Participants march with the rainbow flag in the 2018 Atlanta Pride parade. (Photo by Darian Aaron)

Monkeypox (MPV) Vaccinations Front and Center as Atlanta Pride Returns from Hiatus

This article originally appeared on GLAAD’s blog and has been republished with permission.

After a two-year hiatus and a shift to virtual programming in response to the COVID-19 pandemic, the two-day Atlanta Pride festival returns in person on October 8-9. Organizers are laser-focused on the health and safety of the anticipated 300,000+ LGBTQ people and allies expected to attend amid the ongoing threat of new COVID-19 acquisitions and the recent monkeypox (MPV) outbreak among gay and bisexual men. In partnership with the Fulton County Board of Health, Atlanta Pride will provide attendees access to a series of vaccines, including the two-dose JYNNEOS MPV vaccine.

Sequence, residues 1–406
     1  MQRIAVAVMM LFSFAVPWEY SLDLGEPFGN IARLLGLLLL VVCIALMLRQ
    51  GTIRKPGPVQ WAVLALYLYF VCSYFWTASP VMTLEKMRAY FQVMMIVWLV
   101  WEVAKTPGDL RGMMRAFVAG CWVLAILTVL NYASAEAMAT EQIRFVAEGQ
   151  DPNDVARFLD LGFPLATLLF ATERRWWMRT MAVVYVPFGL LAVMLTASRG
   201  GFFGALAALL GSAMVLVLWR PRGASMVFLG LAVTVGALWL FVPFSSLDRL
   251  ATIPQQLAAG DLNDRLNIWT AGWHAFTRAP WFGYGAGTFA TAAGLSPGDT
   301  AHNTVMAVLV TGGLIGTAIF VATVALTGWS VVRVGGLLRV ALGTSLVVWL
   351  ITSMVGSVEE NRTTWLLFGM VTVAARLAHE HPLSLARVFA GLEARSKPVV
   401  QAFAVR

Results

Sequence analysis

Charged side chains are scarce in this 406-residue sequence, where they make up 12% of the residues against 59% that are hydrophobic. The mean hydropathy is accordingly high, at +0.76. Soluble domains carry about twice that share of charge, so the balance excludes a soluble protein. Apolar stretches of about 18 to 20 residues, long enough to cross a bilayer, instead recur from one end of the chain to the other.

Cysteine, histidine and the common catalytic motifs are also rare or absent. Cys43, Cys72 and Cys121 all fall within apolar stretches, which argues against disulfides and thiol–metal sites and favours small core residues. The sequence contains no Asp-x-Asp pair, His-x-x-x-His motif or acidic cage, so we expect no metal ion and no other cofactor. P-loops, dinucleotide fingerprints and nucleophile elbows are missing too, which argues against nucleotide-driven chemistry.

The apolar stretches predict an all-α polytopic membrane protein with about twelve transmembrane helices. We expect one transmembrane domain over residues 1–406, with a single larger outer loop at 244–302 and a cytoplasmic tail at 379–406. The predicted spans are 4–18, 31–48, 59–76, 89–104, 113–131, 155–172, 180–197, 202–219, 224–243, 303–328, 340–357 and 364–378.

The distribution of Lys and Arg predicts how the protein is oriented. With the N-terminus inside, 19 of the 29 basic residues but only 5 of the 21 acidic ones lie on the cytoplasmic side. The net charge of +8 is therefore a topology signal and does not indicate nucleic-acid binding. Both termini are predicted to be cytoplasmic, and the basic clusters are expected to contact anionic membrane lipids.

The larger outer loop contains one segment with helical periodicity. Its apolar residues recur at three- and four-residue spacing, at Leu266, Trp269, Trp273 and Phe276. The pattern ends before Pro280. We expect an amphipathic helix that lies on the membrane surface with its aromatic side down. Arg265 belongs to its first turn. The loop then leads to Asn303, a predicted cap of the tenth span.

With a recent national daily average of 107 new MPV cases as of September 28, diagnoses are on the decline nationally, according to data from the Centers for Disease Control and Prevention (CDC). Health officials attribute vaccinations and behavioral changes among gay and bisexual men to declining cases. While attendees will be able to receive the MPV vaccine at the 12th Street entrance inside Atlanta’s Piedmont Park Visitor’s Center, peak immunity from the virus will not occur until two weeks after the second dose.

Atlanta Pride organizers have encouraged early vaccination among members of the LGBTQ community since the beginning of summer through a series of outreach efforts, including two English and Spanish language town halls.